’19 of the boys became felons’ – but what was that mean in a country where it is common for black people to be incarcerated for trivial or trumped-up reasons?

        A bit of reading I recommend in connexion with ‘felony’ and police murders of black people(it has just become available on the internet) is the summary judgement on ‘Jamison v McClendon’ by Judge Carlton Reeves – Case 3:16-cv-00595-CWR-LRA Document 72 Filed 08/04/20. It concerns the ‘qualified immunity’ granted to police officers that allows them to get away, literally, with murder and torture. Reeves is calling on the Supreme Court to take up this matter of ‘qualified immunity’ seriously (it has so far refused). And in his summary judgement he describes what black people have continually to face in their lives in the USA.

        • Tim Harris
          Posted August 5, 2020 at 6:05 am | Permalink

          ‘but what DOES that mean in a country where it is common…’

  9. Jonathan Gallant
    Posted August 4, 2020 at 11:54 am | Permalink

    In 1603, Federico Cesi founded the Accademia dei Lincei, in order to promulgate what we would now call the scientific method.
    [A chap named Galileo was its best known member.] The Kendi/DiAngelo school no doubt dismisses this episode as a case of Italian privilege. They would also tag as pure racism the fact that the methods of the Accademia led to modern technology; whereas the Islamic learning of Timbuktu and the later Sokoto Caliphate, and the commercial brilliance of Dahomey (which specialized in slave trade) led in different directions.

    John McWhorter is impressive not only for the precision of his language, but also for
    his humane and thoughtful approach.

  10. DrBrydon
    Posted August 4, 2020 at 11:56 am | Permalink

    The problem with asserting the monocausal explanation that all black underachievement is the result of racism is that it fails to account black success or white underachievement. In the end monocausal explanations explain nothing.

  11. Keith
    Posted August 4, 2020 at 12:02 pm | Permalink

    I just read an interesting article in Rollingstone about a fast-rising young rapper who transitioned from a drug dealer and ex-convict to his new music career. Much of the success of the rapper (Lil Baby) is attributed to the music mogul (Kevin Lee) who saw something in the kid and gave encouragement and mentoring. But it’s a success story where transcending cultures played no part. The journalist who wrote the story also commented on a disagreement he (Charles Holmes) and Lil Baby had about racism, with Holmes asserting that Blacks can’t be racist.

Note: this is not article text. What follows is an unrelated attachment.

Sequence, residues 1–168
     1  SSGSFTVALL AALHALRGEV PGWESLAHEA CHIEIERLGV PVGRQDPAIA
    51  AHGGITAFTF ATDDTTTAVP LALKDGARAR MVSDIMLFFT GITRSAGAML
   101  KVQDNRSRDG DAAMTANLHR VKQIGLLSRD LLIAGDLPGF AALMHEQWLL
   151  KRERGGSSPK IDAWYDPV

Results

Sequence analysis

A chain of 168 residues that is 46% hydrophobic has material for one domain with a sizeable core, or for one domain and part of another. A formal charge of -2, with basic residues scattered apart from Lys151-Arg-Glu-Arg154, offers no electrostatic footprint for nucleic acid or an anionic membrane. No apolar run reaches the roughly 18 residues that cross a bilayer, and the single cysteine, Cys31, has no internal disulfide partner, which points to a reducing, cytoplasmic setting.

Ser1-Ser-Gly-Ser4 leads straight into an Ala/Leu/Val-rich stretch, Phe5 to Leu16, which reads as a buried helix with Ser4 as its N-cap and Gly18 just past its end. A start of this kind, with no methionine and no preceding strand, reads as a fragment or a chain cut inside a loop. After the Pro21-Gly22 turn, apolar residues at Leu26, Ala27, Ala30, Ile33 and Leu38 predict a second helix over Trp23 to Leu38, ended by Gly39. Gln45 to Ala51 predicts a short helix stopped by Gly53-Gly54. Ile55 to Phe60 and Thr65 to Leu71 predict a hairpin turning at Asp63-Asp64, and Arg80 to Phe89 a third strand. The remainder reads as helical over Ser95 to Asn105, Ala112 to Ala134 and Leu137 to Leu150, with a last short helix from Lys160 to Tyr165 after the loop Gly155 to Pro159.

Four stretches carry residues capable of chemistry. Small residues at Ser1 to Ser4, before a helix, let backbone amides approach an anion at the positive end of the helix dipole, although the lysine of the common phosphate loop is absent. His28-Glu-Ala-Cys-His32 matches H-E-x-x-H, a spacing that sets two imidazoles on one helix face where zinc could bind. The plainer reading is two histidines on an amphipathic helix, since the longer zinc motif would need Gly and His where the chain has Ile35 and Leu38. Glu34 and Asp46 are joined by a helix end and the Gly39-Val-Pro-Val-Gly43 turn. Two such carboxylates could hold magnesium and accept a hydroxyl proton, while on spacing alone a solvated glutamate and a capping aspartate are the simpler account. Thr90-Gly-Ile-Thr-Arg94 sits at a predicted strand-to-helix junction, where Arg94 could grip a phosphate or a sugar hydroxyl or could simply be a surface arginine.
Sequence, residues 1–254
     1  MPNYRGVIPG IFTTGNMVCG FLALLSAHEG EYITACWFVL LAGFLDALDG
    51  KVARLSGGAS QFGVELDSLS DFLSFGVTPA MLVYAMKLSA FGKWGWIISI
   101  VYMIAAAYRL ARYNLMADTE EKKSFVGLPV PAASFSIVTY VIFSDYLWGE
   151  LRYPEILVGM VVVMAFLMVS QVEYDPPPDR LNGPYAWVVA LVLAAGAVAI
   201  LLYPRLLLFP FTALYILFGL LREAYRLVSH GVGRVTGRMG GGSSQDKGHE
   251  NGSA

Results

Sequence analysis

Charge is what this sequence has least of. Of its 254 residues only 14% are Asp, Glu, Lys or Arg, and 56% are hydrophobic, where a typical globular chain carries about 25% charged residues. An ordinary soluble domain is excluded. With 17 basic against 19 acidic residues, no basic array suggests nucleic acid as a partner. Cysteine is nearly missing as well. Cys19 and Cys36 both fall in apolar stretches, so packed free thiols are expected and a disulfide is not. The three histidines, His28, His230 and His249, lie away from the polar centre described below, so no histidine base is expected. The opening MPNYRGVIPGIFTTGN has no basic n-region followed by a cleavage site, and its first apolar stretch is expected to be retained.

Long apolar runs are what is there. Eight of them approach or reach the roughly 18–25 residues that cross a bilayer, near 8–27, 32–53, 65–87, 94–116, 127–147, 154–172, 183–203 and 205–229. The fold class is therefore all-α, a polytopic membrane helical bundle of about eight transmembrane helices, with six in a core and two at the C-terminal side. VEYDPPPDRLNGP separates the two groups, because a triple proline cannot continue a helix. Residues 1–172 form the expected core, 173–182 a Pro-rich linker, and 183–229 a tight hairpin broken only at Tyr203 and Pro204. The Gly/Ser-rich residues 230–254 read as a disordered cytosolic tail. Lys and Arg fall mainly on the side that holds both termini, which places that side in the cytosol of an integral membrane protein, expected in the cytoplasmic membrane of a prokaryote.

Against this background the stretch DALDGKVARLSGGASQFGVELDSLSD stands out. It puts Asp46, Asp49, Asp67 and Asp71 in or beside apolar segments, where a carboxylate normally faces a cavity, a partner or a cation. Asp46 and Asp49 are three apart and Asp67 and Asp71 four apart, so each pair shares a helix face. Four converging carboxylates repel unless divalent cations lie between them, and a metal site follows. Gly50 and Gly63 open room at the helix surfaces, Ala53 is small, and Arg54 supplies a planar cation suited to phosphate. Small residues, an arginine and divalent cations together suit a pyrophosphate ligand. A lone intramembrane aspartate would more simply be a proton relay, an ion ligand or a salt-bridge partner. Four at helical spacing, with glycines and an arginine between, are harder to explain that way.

12. darrelle
    Posted August 4, 2020 at 12:19 pm | Permalink

    “One trait that marks you as a racist, says Kendi, is to deny the claim that all disparities between races are due to racism. This is equivalent to saying that someone’s a misogynist or misandrist if they deny that disparities in representation of the sexes in jobs or achievements is due to sexism.

    I agree with you and McWhorter that this stance is simply wrong, denying reality. But I do think there is a bit of truth to it that inspire people like Kendi to the extreme view. It does seem to me that racism, both current and the past history of it, have some impact on most disparities between whites and blacks. How much in any given case I couldn’t guess but given that racism has been a significant factor in molding US black cultures for their entire history then in any case in which cultural norms are a factor it seems that racism must have a finger on the scale too. But McWhorter already said it better, and you already quoted it, the bit starting with this . . .

    “What held those poor kids back was that they had been raised amidst a different sense of what is normal than white kids in the ‘burbs. . . .”

    I think a very big confounding factor is chronic low economic status (poverty), regardless of race. In my experience people from poor families in the US, white / black / other, share many of the same “unconsciously internalized norms,” and self hampering behaviors. Which would seem to indicate that a significant causal factor is something other than racism. Obvious culprits are the poverty itself and the classism baked into our society. Though blacks have the added ballast of a long history of racism working to impede them too.

    • Kelly M. Houle
      Posted August 4, 2020 at 2:20 pm | Permalink

      It’s not obvious to me that this stance is wrong. If there is some racial disparity in a statistic, and we agree that race is a mirage, what else could possibly be at the heart of that difference, if not a racist idea or policy?

      • davelenny
        Posted August 4, 2020 at 3:38 pm | Permalink

        Cultural difference.

        For 40 years Thomas Sowell has documented with international evidence the importance of cultural differences in producing different outcomes, even in the absence of racism.

        Of course, racism and cultural difference are not mutually exclusive, independent variables.

        • Kelly M. Houle
          Posted August 4, 2020 at 5:29 pm | Permalink

          Thank you for the reference. I have more to read.

    • Tim Harris
      Posted August 5, 2020 at 8:37 am | Permalink

      So are you suggesting, darrelle, that racism is not a significant causal factor? I am sorry but I find curious the tendency, which I seem to come across quite often, to play down present racism – for it is assuredly not something that is merely historical, in the sense of being in the past – usually in favour of class and chronic poverty, which I agree are important factors. It is as if race were somehow too difficult, or somehow too impolite a topic, to deal with, whereas class is a nice comfortable category about which we can all agree. I may be misunderstanding the thrust of your argument, and if I am I apologise, but…